Will it ever end? At the moment it's looking doubtful. Almost equal numbers of both men and women have varying degrees and varying opinions on whether it's okay to breastfeed in public, but sometimes we're not getting the full story from both sides...
Many women who do feed in public don't do it solely because they feel it's their right. Being able to get out of the home in the weeks and months following birth is incredibly important for women so that they are less likely to suffer post natal depression. Some people might argue that bottle feeding in public and breastfeeding in the home is a suitable alternative and that may be, but babies are not always like clockwork and things like spilled bottles cannot be helped. Similarly, breasts often become tender and sore when mothers don't express and spending a long time outside the home can require a feed. Should women be made to feel like they should prepare for things like this before they leave the house, or go home if they need to express? Many would argue that mothers are busy, tired and don't have time to make these preparations. They might also argue that the importance of her and her child's health is greater than the importance of someone not wanting to catch a glimpse of an exposed breast.
For those who are against breastfeeding in public the issue is often not about themselves, but in protection. If a man sees breasts as a sexual thing it might make them feel uncomfortable to have a baby thrown into the mix and immediately want to protect that child and that mother from their own awkward thoughts. Should the fact that people see breasts as sexual become a problem? Many public breast feeders think so. Yet couldn't it be argued that just as breastfeeding is natural, sexual desire is too? It may simply be our society of wearing clothes to cover our breasts has created this image of them, but that is neither here nor there. What does need to be sorted out is whether the mother should be protecting her breasts from view, or other people should be able to look the other way without either staring or catching a glimpse and feeling embarrassed.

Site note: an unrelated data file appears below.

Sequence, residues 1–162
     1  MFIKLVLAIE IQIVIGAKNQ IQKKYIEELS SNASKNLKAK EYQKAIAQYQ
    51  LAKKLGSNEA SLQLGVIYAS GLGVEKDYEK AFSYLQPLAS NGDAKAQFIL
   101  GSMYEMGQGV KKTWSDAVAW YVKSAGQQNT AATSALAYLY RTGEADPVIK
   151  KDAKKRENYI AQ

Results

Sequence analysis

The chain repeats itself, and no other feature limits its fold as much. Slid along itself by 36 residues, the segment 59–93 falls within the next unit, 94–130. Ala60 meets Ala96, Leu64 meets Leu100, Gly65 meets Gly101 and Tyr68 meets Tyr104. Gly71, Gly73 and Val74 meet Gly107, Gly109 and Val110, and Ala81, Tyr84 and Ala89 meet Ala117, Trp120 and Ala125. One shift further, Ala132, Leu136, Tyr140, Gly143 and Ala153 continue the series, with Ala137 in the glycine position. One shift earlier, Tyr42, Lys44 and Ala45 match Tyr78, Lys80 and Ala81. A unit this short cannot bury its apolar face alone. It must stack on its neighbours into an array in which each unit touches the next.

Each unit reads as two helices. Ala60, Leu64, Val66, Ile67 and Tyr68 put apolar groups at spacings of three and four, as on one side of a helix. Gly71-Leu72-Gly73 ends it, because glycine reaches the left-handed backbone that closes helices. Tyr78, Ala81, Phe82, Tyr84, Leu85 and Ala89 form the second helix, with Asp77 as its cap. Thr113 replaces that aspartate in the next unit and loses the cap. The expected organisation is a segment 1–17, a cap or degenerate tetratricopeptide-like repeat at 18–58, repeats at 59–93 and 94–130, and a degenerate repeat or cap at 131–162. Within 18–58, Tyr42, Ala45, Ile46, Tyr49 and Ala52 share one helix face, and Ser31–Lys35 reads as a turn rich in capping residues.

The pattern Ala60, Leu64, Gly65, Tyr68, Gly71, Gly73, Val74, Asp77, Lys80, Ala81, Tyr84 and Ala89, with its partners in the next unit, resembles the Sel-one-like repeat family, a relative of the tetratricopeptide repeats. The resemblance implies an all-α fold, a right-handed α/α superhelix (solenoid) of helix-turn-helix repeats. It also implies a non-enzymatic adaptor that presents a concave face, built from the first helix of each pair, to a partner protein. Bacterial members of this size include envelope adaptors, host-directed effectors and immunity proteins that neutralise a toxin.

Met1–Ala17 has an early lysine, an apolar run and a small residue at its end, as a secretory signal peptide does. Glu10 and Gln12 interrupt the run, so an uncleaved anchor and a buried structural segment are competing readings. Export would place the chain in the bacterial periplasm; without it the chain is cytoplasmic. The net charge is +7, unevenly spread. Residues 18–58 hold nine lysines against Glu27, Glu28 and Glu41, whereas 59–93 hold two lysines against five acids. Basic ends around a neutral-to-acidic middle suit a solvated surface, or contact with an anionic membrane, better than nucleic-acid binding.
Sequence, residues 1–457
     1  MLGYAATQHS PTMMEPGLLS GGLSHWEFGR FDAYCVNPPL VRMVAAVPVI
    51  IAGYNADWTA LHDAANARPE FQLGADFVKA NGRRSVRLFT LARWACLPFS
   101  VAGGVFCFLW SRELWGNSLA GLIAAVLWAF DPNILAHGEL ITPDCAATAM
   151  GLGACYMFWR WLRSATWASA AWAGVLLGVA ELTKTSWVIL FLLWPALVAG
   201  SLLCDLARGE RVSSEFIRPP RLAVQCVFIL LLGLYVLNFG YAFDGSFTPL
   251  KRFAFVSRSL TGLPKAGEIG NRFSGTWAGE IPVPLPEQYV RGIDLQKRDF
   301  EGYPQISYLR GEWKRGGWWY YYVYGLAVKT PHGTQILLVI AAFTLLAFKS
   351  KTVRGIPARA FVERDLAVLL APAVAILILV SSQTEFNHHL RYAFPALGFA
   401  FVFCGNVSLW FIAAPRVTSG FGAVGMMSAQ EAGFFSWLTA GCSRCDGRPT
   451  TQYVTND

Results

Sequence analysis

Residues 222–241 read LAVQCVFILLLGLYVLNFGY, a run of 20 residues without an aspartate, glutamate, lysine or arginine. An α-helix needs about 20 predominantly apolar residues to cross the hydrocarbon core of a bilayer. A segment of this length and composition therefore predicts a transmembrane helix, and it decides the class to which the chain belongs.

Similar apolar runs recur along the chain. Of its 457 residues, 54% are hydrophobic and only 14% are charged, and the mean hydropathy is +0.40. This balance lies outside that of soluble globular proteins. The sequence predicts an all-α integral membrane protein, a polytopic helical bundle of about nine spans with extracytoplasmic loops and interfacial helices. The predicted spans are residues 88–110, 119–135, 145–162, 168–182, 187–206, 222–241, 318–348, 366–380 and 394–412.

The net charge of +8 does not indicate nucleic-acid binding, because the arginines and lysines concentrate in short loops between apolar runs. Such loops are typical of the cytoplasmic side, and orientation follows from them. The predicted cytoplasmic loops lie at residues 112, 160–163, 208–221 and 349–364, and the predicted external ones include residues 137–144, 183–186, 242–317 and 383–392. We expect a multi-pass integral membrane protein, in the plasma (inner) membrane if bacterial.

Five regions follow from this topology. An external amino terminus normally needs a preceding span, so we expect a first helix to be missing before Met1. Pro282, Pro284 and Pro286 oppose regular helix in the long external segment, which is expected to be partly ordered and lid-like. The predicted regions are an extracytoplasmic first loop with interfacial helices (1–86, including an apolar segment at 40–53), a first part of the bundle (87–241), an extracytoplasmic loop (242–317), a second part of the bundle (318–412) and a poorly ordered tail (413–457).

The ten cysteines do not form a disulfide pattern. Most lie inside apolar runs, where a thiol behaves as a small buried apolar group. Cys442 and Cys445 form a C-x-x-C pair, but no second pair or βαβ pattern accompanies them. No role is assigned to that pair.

For now it seems that the best thing to do is cover up with a blanket or a nursing shirt if you are breastfeeding in public. Some mothers don't enjoy this as they can't see and make eye contact with their baby, yet others argue that not covering your baby from the outside world while they feed distracts them, they look around and stop suckling properly.
Most importantly, remember that you have a very strong belief that what you have chosen for you and your baby is right. With this in mind, remember that other Mums feel this strongly about their own choices and simply because they differ from yours that doesn't mean they are wrong. Every mother and baby is different and unless you know them intimately you cannot judge their individual situation.